In any event, I either forgot or didn't care enough to bother bringing anything. No matter; one of the more experienced teachers had accounted for my apathy; I was issued a can of creamed corn, one of two brought by a more responsible classmate who was miffed at having her largesse disseminated.
Roger had also forgotten to bring anything. He was issued a very large can of sweet potatoes. Jokingly, I offered to switch with him on the basis of liking yams more than corn. Roger declined. During this exchange, I noted he had the crazy look in his eye.
At some point in the service, we were called upon to make our offering. A line of kids formed and, under the escort of our teachers, we traipsed up and mindlessly deposited our foodstuffs into a cardboard box. Three people back of me, Roger had other ideas. As he approached the bin, he took one look at the yams and decided that a donation wasn't in the cards. Can still in hand, Roger executed a U-turn and headed for his pew.
Our teacher, Wanda Cribbs, was most definitely not OK with Roger calling an audible. She closed on him like an NFL linebacker, hissing at him to get back up there and deposit his can. Roger ignored her and Cribbs, despite the imminent resumption of a fairly packed church service in bible country, made the decision to escalate things.
Roger was scrappy, but he was also a fourth grader weighing maybe 80 pounds. Cribbs was a stout southern belle who went two hundred, easy. It was a physical mismatch, to say the least. So was David vs. Goliath.
The first obvious inclination that a scene was in the making occurred when Roger yelled out. "Stop it! What are you doing? Let go of me!"
Cribbs had seized him by the arm and was trying to drag him back towards the alter. "Get back up there right. now!" Cribbs threatened, her eyes blazing. Roger went limp, sagging to the floor like a nonviolent protestor. Lacking the strength to move him, Wanda did the next best thing - she went for the can.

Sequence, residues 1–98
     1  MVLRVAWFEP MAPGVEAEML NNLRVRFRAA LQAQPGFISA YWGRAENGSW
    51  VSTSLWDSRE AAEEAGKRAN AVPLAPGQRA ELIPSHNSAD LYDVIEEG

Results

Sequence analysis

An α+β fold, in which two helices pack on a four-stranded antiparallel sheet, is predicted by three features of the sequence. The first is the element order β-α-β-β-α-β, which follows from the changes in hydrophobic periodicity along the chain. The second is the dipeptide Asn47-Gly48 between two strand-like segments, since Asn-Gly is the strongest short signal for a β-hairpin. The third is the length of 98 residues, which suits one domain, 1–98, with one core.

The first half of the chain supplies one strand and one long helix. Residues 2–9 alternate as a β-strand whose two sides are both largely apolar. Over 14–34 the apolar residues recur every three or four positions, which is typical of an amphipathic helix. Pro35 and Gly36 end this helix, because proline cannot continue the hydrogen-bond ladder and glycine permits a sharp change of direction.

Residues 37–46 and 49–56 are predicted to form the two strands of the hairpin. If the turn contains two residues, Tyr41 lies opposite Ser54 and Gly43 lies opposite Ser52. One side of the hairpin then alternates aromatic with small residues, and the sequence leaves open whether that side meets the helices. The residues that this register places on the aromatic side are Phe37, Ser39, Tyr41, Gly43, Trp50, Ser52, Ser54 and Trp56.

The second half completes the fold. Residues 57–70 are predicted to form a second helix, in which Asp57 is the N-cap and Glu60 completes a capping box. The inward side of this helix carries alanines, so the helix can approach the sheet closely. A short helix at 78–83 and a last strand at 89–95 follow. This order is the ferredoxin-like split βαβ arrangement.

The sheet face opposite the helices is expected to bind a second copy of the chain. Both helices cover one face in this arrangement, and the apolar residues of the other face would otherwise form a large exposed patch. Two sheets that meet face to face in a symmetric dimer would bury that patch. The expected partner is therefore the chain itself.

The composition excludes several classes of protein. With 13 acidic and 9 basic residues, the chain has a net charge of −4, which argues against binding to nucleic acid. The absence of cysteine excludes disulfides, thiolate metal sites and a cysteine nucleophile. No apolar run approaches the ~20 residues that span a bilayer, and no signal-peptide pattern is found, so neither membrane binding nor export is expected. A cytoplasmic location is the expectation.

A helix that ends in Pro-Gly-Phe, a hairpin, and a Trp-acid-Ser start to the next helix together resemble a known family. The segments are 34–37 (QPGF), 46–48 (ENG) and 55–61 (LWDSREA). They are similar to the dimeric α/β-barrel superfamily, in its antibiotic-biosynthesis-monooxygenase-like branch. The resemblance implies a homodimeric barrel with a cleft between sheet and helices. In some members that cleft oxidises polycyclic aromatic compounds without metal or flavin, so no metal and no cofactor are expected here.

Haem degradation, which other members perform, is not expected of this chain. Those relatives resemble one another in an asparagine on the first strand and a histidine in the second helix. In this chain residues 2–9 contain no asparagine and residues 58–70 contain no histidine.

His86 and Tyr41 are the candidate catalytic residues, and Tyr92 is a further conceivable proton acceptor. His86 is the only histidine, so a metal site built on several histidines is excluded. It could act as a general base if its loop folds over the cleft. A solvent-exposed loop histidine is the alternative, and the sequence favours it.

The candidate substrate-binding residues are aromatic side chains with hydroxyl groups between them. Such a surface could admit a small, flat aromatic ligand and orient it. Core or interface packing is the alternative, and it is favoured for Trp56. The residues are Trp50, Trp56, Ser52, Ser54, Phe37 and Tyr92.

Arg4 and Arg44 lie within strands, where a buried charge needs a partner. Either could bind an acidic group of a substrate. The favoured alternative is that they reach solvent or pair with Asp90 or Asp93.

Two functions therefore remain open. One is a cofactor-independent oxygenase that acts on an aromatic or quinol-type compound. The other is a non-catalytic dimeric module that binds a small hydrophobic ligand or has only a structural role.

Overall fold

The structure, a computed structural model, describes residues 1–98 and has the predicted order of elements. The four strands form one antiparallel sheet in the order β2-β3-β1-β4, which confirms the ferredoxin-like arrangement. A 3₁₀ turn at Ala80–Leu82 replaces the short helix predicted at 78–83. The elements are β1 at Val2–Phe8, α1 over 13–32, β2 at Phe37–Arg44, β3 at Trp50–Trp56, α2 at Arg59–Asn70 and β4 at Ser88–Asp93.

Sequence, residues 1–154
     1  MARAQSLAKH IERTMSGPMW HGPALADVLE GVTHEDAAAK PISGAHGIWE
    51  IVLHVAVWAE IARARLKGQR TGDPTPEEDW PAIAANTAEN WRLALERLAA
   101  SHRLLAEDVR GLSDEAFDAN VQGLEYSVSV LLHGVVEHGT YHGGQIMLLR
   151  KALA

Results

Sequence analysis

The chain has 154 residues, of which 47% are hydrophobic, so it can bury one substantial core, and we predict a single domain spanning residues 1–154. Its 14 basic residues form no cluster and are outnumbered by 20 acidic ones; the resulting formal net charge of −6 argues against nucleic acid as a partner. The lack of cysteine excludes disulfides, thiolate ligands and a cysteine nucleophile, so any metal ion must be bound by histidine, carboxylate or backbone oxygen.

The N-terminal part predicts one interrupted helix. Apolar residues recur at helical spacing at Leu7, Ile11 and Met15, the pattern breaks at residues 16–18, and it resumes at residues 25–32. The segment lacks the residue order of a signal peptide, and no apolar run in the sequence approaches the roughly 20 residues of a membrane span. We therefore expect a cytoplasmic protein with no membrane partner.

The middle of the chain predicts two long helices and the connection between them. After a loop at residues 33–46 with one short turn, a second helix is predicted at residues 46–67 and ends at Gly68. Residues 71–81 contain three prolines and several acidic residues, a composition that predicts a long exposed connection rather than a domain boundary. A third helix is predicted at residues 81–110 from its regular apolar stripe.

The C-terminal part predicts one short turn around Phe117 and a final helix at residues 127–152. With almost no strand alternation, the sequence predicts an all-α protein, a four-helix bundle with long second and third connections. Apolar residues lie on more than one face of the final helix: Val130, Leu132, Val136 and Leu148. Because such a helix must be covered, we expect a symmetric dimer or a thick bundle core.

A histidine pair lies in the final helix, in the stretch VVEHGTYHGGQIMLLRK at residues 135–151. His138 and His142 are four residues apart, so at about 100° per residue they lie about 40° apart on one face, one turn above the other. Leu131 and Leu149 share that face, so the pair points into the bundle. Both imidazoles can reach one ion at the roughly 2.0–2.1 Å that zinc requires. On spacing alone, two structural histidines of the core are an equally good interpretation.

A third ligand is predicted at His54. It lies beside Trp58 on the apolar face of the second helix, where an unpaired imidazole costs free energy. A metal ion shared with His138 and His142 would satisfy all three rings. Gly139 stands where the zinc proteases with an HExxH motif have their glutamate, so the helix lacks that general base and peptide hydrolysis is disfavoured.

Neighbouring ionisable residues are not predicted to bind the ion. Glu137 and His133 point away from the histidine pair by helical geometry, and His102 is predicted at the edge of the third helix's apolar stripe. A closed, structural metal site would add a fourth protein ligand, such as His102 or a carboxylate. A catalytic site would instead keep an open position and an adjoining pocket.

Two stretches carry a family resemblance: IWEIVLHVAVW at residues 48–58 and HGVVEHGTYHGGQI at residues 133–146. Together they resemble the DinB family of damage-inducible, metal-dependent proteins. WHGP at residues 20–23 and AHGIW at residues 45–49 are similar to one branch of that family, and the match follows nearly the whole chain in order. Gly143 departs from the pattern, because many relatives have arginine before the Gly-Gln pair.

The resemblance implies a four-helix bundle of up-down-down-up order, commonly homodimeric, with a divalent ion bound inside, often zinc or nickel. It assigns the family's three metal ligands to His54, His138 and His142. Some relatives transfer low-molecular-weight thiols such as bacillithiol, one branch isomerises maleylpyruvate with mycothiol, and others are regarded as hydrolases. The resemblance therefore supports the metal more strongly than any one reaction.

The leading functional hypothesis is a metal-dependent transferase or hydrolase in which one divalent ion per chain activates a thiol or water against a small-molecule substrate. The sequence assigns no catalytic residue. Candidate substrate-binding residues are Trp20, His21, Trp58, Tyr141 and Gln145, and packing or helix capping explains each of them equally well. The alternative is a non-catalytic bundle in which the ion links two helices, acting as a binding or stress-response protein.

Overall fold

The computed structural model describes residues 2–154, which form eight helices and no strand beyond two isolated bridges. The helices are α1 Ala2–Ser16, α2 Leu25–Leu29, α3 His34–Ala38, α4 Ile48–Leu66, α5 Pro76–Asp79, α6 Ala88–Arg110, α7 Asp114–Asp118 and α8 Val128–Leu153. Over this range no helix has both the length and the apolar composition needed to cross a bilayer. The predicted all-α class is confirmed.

Words gave way to primal grunts of effort as the contest became physical. Wanda had seized the upper half of the can, but Roger still had a kung fu grip on the bottom.
I think the most inconsequential (and funniest) human conflicts are created by the collision of two individuals who are both willing to go to the mat over an issue of absolutely zero importance. This was one of those times.
Turned out Wanda did have the strength to move Roger. The entire student population of the school, as well as anyone with nothing better to do than go to a midday service at a podunk church in eastern North Carolina, was treated to the sight of our teacher dragging Roger down the aisle by a can of yams. Roger was screaming "NONONONO!!!" like a machine while Cribbs nearly drowned out his protestations with a combination of screamed threats and unintelligibly gutteral utterances mixed with the heavy breathing common in the morbidly obese. You could see this meant a lot to both of them.
It ended as violently as it began - with a final jerk that rippled through her meaty triceps, Cribbs wrested the can from Roger and tossed it unceremoniously into the box. Roger then surprised us all by leaping to his feet and retrieving the same contested can from the donation box, resulting in a rapid recommencement of the tussle. The second act of the savage ballet played out similarly to the first, with the larger adult subduing Roger and wrestling him back to his seat in what was essentially a headlock. Roger was full-on nuts at this point and, in the moment, came up with a decent defense of verbal jiu-jitsu. He opened up his mouth and screamed, "STOP TOUCHING MY DINGLE! DON'T TOUCH ME THERE!" at the top of his lungs.
Heads snapped around and the service ground to a halt as everyone peered into the church's gloom to spot the boy ostensibly being molested. Unfortunately, these events occurred pre-internet, in the days before the molestation tendencies of catholic officials were fully realized. Had they been, Roger might have used the ensuing hesitation to wrest free and have a third go at the canned goods box. As it was, Cribbs merely tightened her hammer lock until a second teacher - perhaps the smokey Ms. Callahan? - joined her. Together, the pair wrestled Roger out of the nave and we were left to a service that now seemed even more boring.
It has been many, many years since I've thought about those desperate, harried minutes in church and I still laugh thinking about it. From what I can tell, St. Francis is no more. Roger, on the other hand, lives what appears on Facebook to be a fun life. I hope he reads this and knows that, during one of his darkest days, he provided a ray of sunshine that stayed with me long after the religious shit washed off.
Noah's Inner Monologue
Scribblings of a man who can barely operate an idiotproof website.